Troels Folmann is one of our favorite composers at CDM. The fact that he’s a game composer both incidental and essential — it’s not that he’s scoring a Tomb Raider title that matters, it’s that game composition requires a new, fluid way of thinking about form, and Dr. Folmann (he did a dissertation topic on the subject) is up to the challenge.

Digging through recent entries on Troels’ blog is definitely a source of weekend inspiration. I’m fond of found samples, but I tend to record sound making things around the house up close with a mobile recorder for a more intimate sound. Troels drags them over to a concert hall and uses the natural reverb to turn a candle light holder and Coke bottle into something that sounds like massive, tribal percussion. To keep himself disciplined, he limited himself to objects in a random photo. Here’s what it sounds like:

To add to the ambience, he uses the Timefreezer plug-in ($99 for Mac, Windows, Mac Intel, the lot). As the name implies, it “freezes” samples of sound as an effect or instrument. I’ve done some similar things as DIY patches, but it sounds like they’ve done a nice job of implementation.

This approach to sampling percussion with natural reverb, and making an art of the samples, is part of why they pay Troels the big bucks. Be sure to hear his percussion demo for more of the sounds. Little wonder that he blogs the meditation on autism that’s been making the YouTube rounds: sampling sounds requires an almost extrasensory focus on the world around us that we spend most of our time shutting out.

So there you have some fiddling with household objects. What about this “future of adaptive music” business?

Our own W. Brent Latta covered this in some detail in a 2006 interview:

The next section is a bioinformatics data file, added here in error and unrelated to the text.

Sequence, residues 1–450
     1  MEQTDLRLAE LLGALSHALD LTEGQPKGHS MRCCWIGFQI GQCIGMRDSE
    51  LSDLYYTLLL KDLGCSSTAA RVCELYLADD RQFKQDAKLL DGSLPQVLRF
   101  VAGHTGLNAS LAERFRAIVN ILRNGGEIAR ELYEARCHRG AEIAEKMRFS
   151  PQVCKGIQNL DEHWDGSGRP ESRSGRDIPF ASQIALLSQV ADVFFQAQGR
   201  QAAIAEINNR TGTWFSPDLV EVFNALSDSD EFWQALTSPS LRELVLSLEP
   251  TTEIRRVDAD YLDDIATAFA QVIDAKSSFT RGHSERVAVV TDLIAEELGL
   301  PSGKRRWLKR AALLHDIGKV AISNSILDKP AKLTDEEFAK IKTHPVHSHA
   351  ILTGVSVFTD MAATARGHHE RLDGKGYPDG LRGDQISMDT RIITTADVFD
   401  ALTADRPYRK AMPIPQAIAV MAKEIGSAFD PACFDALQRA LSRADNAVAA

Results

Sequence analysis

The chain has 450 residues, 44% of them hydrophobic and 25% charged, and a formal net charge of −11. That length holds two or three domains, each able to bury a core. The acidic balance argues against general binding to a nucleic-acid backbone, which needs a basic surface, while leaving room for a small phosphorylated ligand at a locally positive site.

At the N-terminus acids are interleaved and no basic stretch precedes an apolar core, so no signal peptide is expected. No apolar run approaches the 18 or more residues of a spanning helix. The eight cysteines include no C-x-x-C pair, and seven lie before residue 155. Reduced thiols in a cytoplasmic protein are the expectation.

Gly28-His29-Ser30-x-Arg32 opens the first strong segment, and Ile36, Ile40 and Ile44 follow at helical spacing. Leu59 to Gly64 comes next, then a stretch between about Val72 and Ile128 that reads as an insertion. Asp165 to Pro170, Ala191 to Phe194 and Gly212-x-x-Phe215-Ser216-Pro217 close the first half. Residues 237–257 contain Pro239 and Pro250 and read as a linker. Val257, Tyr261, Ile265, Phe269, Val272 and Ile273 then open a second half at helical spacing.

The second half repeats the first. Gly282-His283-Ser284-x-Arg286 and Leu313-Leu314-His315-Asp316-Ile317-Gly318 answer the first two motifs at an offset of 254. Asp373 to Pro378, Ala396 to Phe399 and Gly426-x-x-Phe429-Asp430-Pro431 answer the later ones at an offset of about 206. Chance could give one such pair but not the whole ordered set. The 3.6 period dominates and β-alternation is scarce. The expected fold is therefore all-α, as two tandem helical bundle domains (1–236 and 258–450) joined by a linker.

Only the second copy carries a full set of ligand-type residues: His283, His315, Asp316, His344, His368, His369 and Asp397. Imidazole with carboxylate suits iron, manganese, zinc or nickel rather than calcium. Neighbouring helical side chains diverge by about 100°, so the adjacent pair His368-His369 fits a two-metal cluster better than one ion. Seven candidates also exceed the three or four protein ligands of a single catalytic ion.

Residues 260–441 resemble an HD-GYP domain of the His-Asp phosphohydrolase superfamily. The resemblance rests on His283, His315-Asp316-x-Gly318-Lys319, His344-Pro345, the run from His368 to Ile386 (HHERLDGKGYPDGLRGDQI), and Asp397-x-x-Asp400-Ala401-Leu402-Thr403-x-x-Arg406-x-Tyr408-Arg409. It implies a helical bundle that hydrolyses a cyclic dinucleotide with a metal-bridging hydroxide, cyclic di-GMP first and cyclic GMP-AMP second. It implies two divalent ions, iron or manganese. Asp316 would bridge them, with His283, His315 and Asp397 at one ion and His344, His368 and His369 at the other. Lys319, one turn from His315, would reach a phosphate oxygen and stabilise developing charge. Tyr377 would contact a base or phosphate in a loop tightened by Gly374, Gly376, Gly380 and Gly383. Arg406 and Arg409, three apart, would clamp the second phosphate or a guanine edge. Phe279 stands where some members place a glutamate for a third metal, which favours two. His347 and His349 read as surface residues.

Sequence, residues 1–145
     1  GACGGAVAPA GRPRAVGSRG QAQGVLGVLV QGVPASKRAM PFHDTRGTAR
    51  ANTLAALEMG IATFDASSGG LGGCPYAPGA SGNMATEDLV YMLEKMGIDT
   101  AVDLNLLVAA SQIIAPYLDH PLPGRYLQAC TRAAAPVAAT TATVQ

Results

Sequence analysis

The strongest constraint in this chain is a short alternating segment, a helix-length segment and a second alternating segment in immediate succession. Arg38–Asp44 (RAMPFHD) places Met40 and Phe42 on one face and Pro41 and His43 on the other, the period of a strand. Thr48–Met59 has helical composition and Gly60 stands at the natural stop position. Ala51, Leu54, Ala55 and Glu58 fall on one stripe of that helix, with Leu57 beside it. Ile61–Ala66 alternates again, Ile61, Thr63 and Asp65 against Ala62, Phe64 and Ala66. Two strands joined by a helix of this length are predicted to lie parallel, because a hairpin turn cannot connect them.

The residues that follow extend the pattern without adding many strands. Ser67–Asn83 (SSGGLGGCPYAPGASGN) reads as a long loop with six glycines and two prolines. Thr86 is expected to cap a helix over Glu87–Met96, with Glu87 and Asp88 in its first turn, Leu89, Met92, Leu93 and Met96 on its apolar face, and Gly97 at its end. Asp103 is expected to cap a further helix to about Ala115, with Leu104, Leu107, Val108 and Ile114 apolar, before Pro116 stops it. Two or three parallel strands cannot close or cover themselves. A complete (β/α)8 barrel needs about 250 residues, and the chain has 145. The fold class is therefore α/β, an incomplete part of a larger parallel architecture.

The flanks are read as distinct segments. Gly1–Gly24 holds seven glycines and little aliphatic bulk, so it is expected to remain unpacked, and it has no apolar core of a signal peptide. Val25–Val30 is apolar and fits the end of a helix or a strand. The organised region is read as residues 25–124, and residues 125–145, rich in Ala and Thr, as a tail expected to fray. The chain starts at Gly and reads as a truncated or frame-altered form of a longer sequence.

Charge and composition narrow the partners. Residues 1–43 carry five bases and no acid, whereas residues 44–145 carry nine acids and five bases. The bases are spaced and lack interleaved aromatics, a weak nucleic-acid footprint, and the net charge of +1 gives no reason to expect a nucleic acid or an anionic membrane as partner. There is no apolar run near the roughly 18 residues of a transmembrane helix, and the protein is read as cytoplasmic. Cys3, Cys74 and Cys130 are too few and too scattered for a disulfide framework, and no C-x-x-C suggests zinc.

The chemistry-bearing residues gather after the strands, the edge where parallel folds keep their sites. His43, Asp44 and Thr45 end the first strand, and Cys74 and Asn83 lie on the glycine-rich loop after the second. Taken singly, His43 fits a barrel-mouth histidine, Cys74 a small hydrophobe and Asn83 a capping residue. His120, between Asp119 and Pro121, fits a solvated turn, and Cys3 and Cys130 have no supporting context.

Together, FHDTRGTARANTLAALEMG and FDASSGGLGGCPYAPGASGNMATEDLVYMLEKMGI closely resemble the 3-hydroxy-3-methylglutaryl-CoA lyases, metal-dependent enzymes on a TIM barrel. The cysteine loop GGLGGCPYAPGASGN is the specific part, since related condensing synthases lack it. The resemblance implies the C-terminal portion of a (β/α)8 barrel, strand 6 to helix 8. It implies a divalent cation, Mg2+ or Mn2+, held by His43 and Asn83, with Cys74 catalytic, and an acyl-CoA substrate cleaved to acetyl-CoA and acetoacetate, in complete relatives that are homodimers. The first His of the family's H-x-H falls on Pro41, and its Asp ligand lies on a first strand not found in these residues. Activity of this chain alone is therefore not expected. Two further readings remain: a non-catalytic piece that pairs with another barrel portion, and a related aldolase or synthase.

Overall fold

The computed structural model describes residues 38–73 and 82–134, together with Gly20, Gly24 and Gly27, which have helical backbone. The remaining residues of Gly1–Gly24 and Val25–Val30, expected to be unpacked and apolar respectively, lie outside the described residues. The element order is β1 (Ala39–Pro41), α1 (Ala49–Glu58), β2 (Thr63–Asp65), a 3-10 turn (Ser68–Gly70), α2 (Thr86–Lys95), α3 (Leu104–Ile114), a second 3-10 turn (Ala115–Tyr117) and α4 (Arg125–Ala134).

CDM Interview: Tomb Raider: Legend Composer Troels Brun Folmann on Adaptive “Micro-Scoring”

Troels follows up on that topic in a new interview with Game Soundtracks, as reproduced in total on his blog. He has this to say about “micro-scoring” — and notes the use of sliced samples, manipulated live:

So a part of my Ph.D. studies in game music related to developing new methodologies for advanced types of application of music in the game. One of my main focal points was – and still is – the development of something I call: “Micro-scoring”. Micro-scoring is essentially about breaking the score into a variety of small components that are assembled in real-time according to player action and/or interaction. The micro-scores are made in such a way that they adapt to player action or interaction. You have to imagine that there are thousands of things going on in the game environment — the idea behind micro-scoring is to support the major elements in the environment. An example can be a 3-second score for breaking pillars or falling stones, which is scored in the same key as the main ambient background score. We also have more detailed types of micro-scores which are based on slices samples like REX and other sliced sample formats. This allows us to fully adjust pitch- and timing based on player interaction with the game. An example of this is adjusting beat to footsteps and increasing tempo when she starts running. A good example of micro-scoring application relates to chopping up a score in multiple components. So essentially composing a score in 15 different steps and cutting each step up, so it can seemingly integrate into any of the other 15 steps. The system then blends the steps in real-time and you have a much more varied and versatile score – made from micro-scores. This allows you to adjust mood in music with using basic cross-fades, but actually have adaptive types of compositions. Needless to say it’s a fairly complicated effort.